Tales from Black Friday

November 25, 2011|The Baltimore Sun

As shoppers find the best Black Friday deals and swipe their credit cards, The Baltimore Sun shares their stories.

Deals 'better than what we thought'

Shortly after 9 a.m., drivers circled the multi-level parking lots at Towson Town Center looking for spots, shoppers lugged around bags past stores promoting discounts of up to half off and food court tables filled up with an early lunch crowd.

Macy's had opened at midnight, and about two dozen mall stores opened with the department store or as early as 3 a.m. Annie Wildasin, the mall's senior marketing manager, said one of those retailers, who she could not identify, ushered 1,200 people in the doors between midnight and 2 a.m., while another said it did three days worth of business in two hours. At 6 a.m., mall workers handed out 500 scratch-off prize cards in 15 minutes, offering chances at some big prizes, among them a Tiffany & Co. necklace and an Apple I Pad.

Marguerite Burton of Gwynn Oak had been on the hunt for bargains for hours by that time with her sister, Erin Burton, and cousin, Robin Gaskins. They started Thursday evening at Walmart, stopped at Game Stop then took a break at home to sleep for an hour. By mid-morning all three women toted bags full of clothes and shoes, some for themselves, but mostly gifts for their nieces and nephews, through Towson Town Center, where they had started at 6:45 a.m.

"I got some deals here today," Marguerite Burton said.

"Yeah, better than what we thought," added Gaskins.

A line of some 80 people was waiting when American Eagle Outfitters opened at midnight. By mid-morning shoppers browsed the racks and lined up at the register. Customers were entertained by two store employees who danced while listening to music through the headphones built into their hats and earmuffs– one of the store's specials at $12.40.

"I found what I wanted in the first store I went into," said Jackie Horton of Towson, who bought a jacket for her son and, at American Eagle, one of the headphone hats. "This is the first time I've enjoyed my (Black Friday) shopping. I'm finished and it's not even 10 o'clock."

For Macy's department stores across the country, a midnight opening was a first.

"We did not know what to expect, but we had hundreds of people come in," said Jain Trader, a vice president and store manager of Macy's in Towson Town Center. "We had great business for a couple of hours, then it died down and we replenished (the shelves) before the mall opened. We did this in response to what customers asked for. We gave them more time to shop."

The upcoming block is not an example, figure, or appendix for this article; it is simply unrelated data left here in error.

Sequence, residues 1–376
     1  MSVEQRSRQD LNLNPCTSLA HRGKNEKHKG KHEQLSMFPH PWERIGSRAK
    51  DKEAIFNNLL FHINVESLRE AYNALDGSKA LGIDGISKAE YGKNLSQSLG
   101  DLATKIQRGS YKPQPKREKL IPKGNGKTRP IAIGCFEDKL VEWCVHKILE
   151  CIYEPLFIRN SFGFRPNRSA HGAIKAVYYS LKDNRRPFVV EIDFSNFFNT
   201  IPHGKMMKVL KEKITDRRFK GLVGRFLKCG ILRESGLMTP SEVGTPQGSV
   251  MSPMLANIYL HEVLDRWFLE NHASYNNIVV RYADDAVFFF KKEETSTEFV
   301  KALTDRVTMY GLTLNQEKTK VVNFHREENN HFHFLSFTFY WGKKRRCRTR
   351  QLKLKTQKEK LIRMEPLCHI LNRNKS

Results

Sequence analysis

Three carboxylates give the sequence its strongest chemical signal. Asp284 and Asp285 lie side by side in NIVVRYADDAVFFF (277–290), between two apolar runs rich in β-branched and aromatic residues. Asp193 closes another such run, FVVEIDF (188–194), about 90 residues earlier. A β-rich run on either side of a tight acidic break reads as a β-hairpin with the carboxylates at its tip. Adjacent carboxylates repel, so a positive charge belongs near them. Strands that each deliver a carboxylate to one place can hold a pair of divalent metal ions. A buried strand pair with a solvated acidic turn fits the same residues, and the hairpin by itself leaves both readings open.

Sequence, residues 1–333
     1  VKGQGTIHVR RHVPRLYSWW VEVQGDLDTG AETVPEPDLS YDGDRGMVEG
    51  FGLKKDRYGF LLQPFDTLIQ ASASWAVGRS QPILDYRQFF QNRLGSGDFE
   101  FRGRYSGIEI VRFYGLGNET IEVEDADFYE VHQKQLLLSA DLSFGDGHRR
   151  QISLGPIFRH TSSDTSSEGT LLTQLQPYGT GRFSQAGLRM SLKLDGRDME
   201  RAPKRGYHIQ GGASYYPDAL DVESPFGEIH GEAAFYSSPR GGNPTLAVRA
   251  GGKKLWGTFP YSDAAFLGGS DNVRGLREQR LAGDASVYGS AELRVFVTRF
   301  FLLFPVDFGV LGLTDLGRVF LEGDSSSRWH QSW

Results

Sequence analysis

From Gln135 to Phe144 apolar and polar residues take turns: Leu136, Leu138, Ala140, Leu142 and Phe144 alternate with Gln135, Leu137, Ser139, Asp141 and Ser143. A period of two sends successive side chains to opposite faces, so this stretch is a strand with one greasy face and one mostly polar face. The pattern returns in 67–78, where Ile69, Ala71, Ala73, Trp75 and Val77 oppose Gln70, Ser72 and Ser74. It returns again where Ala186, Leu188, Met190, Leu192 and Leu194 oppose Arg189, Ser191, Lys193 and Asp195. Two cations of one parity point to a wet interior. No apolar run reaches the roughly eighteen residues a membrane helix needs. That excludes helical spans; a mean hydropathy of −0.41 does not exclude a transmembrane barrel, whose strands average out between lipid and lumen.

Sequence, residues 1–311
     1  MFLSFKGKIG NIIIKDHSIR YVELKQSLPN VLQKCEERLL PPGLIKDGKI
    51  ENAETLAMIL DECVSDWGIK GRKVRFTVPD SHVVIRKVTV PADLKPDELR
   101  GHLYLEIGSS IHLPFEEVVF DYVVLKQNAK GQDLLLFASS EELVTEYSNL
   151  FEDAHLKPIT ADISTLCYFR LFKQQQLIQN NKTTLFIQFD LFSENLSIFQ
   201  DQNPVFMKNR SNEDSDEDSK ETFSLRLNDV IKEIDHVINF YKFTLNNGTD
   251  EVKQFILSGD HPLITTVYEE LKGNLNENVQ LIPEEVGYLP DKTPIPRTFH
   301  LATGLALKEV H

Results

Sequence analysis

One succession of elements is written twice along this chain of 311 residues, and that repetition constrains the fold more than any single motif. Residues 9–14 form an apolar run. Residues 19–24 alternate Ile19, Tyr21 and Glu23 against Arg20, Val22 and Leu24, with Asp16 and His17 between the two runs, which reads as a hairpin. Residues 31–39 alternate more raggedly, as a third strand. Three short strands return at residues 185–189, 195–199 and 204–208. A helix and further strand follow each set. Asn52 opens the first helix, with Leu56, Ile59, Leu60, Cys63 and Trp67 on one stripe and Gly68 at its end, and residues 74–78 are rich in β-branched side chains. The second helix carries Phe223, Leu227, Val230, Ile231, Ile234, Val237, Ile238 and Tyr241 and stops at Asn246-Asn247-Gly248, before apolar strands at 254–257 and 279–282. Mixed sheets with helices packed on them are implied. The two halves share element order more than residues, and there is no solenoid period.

The department store's earliest Black Friday customers headed first to the specials such as children's coats for $16.99, and boots, fragrances and cosmetics. Trader said the department store also did brisk business on discounted luggage.

Lorraine Mirabella

Quick stop before work

Near the Inner Harbor, employees stopped by stores to pick up bargains on the way to work.

Isaac Klein, a criminal defense lawyer in downtown Baltimore, picked up a 37-inch flat screen at Best Buy before heading to his office nearby. Klein said a friend of his was among the first in line on Thanksgiving Day at the Best Buy, which opened at midnight.

"I slept in," the lawyer said. Even so, he managed to get the TV he wanted for $200 less than the usual price.

Eileen Ambrose

Sleep in, still save

Last year, Sandy Phung and her mother hit Walmart around 4 a.m.

"It was just horrible," Phung recalled. "I got good deals … but people were pushing to get in the stores and stepping on each other."

This year, the 20-year-old cafeteria cashier slept in until 7:30 or so before heading to Best Buy near the Inner Harbor. She managed to get one of the few remaining Samsung laptops, paying $299 and saving about $500. She saved $50 more buying three pairs of shoes for her niece and nephew.

Eileen Ambrose

Monitoring the wallet

Cynthia Eley of Baltimore sat in the lobby at The Gallery at Harbor Place around 10 a.m., taking a break from a shopping trip that started at 7:30 a.m.

A phone operator for a state agency, Eley said her goal is to spend less this holiday season than a year ago, although the deals are tempting. She said she shops with cash to avoid overspending. "If I don't have the money for it, I am just not going to buy," she said.

Eileen Ambrose

What recession?

Shoppers began lining up outside the Best Buy near the Inner Harbor in Baltimore around 3 p.m. on Thanksgiving. By the time the electronics store opened at midnight, more than 350 shoppers were in a line that snaked around the corner.

"The line was eight times larger than last year," said Ron Mara, general manager of the downtown store.

Mara said shoppers were enticed by the deep discounts, such as a 55-inch Samsung for $999. Mara bought the same model last year for $1,899.

Many of them wore Ravens jerseys, he said, coming straight from the game to the store.

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